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Old 03-14-2007, 09:06 PM   #46
MaxFly
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Default Re: Semi-OT: Picking up on Cuban vs. Youtube

Quote:
Originally Posted by Real Men Wear Green
You have no way of knowing that the judge will think like you. Youtube is making money off of the theft and Google knew that Youtube was full of copyrighted material when they bought it to begin with. And then, they don't police the site, a company like Viacom has to find the videos themselves, file a formal complaint, and then Youtube will act. There's no such thing as an honest thief, just another criminal with noble pretensions.

A few points... I'm fairly confident that most judges would take into account both sides of the dispute. This isn't a cut and dry case. Protocol and compliance go a long way. If a company is shown to be compliant, that's a plus for them, especially when the DMCA is taken into account. Also, sites like youtube are not required to police their site in order to find copyright material. The provision is that if a company is to complain, and the host is made aware of the situation, they are to remove the offending material promptly. However, youtube has gone a little further. They delete accounts of multiple offenders and have taken steps to prevent the same videos from being uploaded again. Because of the nature of the site, they aren't liable if they are unaware of the copyright infringement.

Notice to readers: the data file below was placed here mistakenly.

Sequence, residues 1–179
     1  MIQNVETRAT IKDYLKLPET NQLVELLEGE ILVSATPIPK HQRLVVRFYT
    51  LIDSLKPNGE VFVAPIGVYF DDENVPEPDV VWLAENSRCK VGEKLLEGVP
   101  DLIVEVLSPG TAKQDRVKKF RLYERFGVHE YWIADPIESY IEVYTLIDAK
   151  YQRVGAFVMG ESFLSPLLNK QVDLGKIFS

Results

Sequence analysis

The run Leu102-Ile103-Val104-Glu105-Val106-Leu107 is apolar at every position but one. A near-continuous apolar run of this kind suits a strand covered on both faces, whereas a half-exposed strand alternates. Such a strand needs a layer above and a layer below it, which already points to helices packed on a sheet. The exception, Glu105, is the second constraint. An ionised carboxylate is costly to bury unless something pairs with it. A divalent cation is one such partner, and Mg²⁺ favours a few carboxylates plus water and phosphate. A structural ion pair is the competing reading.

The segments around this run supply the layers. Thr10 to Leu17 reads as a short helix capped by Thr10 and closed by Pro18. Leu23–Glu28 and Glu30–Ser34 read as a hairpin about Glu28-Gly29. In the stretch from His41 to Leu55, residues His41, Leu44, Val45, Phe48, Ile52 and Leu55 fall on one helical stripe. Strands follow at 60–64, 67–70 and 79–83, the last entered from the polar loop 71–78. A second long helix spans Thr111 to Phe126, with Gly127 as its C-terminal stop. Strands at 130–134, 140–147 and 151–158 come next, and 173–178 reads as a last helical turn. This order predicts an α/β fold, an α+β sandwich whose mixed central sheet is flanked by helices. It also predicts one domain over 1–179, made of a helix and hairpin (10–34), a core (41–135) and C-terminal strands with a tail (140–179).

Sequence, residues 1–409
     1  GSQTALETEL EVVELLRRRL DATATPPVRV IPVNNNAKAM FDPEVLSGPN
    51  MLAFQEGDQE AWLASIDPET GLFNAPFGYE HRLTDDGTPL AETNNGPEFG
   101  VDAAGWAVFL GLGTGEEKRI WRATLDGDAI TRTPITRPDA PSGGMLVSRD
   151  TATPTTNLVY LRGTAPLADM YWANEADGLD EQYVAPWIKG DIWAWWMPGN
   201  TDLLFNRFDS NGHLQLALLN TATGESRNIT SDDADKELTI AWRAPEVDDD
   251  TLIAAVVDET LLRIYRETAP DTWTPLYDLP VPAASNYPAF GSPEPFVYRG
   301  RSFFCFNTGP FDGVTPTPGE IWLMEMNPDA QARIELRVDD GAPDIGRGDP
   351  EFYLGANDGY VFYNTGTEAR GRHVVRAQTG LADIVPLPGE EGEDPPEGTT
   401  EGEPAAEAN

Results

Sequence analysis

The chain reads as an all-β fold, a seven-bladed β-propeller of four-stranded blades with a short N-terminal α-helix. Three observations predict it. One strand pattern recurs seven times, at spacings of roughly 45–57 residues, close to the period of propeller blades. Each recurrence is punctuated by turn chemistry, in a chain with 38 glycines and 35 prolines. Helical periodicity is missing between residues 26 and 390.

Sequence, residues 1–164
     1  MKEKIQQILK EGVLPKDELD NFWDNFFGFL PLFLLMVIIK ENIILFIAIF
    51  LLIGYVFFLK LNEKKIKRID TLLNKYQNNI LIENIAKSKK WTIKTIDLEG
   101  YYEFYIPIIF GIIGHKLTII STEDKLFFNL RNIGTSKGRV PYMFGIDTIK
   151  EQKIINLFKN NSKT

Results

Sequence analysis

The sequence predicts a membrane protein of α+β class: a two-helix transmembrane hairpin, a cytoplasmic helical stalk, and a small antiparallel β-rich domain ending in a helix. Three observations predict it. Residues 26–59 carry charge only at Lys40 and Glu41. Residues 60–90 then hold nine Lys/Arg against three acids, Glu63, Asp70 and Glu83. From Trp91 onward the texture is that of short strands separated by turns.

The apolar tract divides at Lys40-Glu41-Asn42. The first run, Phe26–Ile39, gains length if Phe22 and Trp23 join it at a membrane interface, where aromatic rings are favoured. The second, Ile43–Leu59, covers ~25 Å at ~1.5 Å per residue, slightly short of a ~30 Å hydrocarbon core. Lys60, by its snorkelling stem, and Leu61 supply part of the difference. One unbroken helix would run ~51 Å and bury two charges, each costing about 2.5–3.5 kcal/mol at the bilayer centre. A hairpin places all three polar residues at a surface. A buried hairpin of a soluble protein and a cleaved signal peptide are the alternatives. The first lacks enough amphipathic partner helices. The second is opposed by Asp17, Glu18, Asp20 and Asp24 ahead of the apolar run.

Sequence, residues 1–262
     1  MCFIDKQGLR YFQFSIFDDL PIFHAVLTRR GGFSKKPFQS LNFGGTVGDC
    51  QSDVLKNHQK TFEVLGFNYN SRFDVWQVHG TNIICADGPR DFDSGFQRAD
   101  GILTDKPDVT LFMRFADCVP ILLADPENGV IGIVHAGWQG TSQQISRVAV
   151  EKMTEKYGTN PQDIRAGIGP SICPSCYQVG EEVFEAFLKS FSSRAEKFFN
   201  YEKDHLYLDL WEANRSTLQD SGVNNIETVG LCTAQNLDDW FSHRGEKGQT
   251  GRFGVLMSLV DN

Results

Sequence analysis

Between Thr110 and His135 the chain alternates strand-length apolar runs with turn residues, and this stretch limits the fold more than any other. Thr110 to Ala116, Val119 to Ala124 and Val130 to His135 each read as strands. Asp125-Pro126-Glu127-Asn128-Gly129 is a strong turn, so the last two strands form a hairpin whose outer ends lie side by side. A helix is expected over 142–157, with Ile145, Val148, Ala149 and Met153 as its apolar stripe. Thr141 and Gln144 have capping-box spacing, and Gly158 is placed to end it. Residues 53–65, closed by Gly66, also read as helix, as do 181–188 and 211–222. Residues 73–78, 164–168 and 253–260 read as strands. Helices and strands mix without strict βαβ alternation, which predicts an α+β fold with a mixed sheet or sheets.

Quote:
Well, they've estimated 160,000. I don't know how they came to that number but they will no doubt present the process at the trial a long with a bottle of aspirin for Google's lawyers. And Viacom can prove that Google hurt their viewership. As the last article I posted states, their web viewership surged once they made Google yank their vids off of Youtube. And they are in control of what gets uploaded to their servers, that's part of what it means to own the thing.

I read an article sometime back that came to the conclusion that viewership of the Daily Show through the Comedy Central channel surged as a result of the show's popularity on youtube. Let me see if I can find the article... I think there was mention of NBC as well.

And I'm sure you understand how Youtube differs from Comedy Central's site. Youtube doesn't own any of the videos that are uploaded to its servers.

We also have to question whether there was a decrease in viewership initially. A surge simply signifies that the medium of online video became popular via youtube, and when it was removed, viewers still searched for the media, which lead them to Comedy Central's site... The real question is whether it was popular before youtube's inception. Was there a decrease in viewership.